Here at the University of Melbourne you pride yourselves on your ability to make a difference. It is something which unites our two institutions.
When I was at the United Nations, every day there were questions about the UN’s credibility and legitimacy. And yes I saw paralysis. Political failure. But I also saw hope, tenacity and courage.
I saw people supporting each other in difficult and almost unimaginable conditions. I saw humanitarian workers do everything possible to not only make changes on the ground but to be strong advocates for people in need.
The world desperately needs evidence-based policymaking. A recognition of the context and backdrop against which critical political decisions are being made. So we need to protect our role and raise our voice.
Universities are about the communal examination of ideas.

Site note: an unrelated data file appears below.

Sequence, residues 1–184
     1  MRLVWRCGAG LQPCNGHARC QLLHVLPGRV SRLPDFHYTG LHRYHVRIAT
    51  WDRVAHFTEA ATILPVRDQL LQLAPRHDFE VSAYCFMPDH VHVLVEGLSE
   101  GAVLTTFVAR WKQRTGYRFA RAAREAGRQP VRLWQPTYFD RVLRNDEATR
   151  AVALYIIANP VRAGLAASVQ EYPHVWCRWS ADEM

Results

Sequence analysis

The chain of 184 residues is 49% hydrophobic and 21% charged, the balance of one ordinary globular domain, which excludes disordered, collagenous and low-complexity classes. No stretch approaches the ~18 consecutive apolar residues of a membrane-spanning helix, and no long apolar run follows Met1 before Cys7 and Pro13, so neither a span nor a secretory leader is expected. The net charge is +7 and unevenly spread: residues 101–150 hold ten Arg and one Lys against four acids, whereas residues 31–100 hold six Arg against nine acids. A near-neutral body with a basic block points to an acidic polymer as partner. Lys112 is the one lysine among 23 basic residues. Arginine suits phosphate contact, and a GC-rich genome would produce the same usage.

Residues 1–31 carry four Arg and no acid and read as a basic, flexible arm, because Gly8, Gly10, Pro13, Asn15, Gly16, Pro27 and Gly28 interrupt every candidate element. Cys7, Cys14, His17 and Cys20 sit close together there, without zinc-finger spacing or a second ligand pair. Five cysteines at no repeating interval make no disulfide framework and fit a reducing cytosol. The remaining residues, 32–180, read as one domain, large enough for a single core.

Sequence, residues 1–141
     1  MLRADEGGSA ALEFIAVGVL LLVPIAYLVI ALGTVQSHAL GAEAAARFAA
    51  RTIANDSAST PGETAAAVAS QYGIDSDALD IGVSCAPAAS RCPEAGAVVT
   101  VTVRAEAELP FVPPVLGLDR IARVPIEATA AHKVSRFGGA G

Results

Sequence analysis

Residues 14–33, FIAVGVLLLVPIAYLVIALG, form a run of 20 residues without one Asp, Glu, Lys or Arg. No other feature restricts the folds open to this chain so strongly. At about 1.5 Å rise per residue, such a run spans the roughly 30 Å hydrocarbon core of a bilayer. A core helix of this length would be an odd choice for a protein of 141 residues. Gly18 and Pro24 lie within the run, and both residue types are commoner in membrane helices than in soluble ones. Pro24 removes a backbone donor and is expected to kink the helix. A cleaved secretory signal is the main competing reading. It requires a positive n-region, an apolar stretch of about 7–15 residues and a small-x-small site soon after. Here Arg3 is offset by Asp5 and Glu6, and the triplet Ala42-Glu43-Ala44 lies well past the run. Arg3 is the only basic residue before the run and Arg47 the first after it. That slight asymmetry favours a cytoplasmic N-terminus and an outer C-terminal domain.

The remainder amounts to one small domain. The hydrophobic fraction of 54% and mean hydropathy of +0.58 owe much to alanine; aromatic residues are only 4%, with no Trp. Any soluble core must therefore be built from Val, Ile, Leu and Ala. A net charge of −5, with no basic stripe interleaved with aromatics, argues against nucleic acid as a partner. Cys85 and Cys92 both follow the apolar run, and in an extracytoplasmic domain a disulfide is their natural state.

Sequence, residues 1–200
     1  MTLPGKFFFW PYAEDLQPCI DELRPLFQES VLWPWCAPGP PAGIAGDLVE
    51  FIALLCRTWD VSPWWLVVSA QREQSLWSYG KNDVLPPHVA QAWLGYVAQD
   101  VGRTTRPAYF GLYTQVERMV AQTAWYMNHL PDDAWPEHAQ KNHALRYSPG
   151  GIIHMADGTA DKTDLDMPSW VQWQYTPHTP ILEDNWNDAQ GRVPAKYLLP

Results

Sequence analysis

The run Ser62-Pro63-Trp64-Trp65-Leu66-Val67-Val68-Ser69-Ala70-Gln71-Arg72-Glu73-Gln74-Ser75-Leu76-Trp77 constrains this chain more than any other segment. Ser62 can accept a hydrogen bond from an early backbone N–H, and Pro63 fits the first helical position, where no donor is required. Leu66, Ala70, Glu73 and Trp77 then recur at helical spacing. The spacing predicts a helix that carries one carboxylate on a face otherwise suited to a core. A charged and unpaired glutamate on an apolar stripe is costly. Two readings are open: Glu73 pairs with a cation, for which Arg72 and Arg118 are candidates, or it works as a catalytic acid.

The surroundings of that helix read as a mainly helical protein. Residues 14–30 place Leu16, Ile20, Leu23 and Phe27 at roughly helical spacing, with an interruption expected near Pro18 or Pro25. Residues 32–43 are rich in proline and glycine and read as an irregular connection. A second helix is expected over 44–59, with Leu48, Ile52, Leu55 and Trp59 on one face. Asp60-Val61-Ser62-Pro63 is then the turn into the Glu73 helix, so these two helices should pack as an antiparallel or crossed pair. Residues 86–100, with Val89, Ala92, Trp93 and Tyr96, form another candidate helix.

As the next generation of intellectuals, while you have a duty to test and critique the boundaries of scholarship, you also have a duty to ensure respect for others as these boundaries are tested.
The debate will only ever be as good as the space it is given. Argument and disagreement are all part of the course to finding solutions.
It is only through the interplay of constructive and engaged examination, that we can progress in our understanding and knowledge of the world.
As leaders in higher education – the key sector of society which provides such space across the world. I feel we have a duty to preserve and protect free speech. It is a duty I hold dear.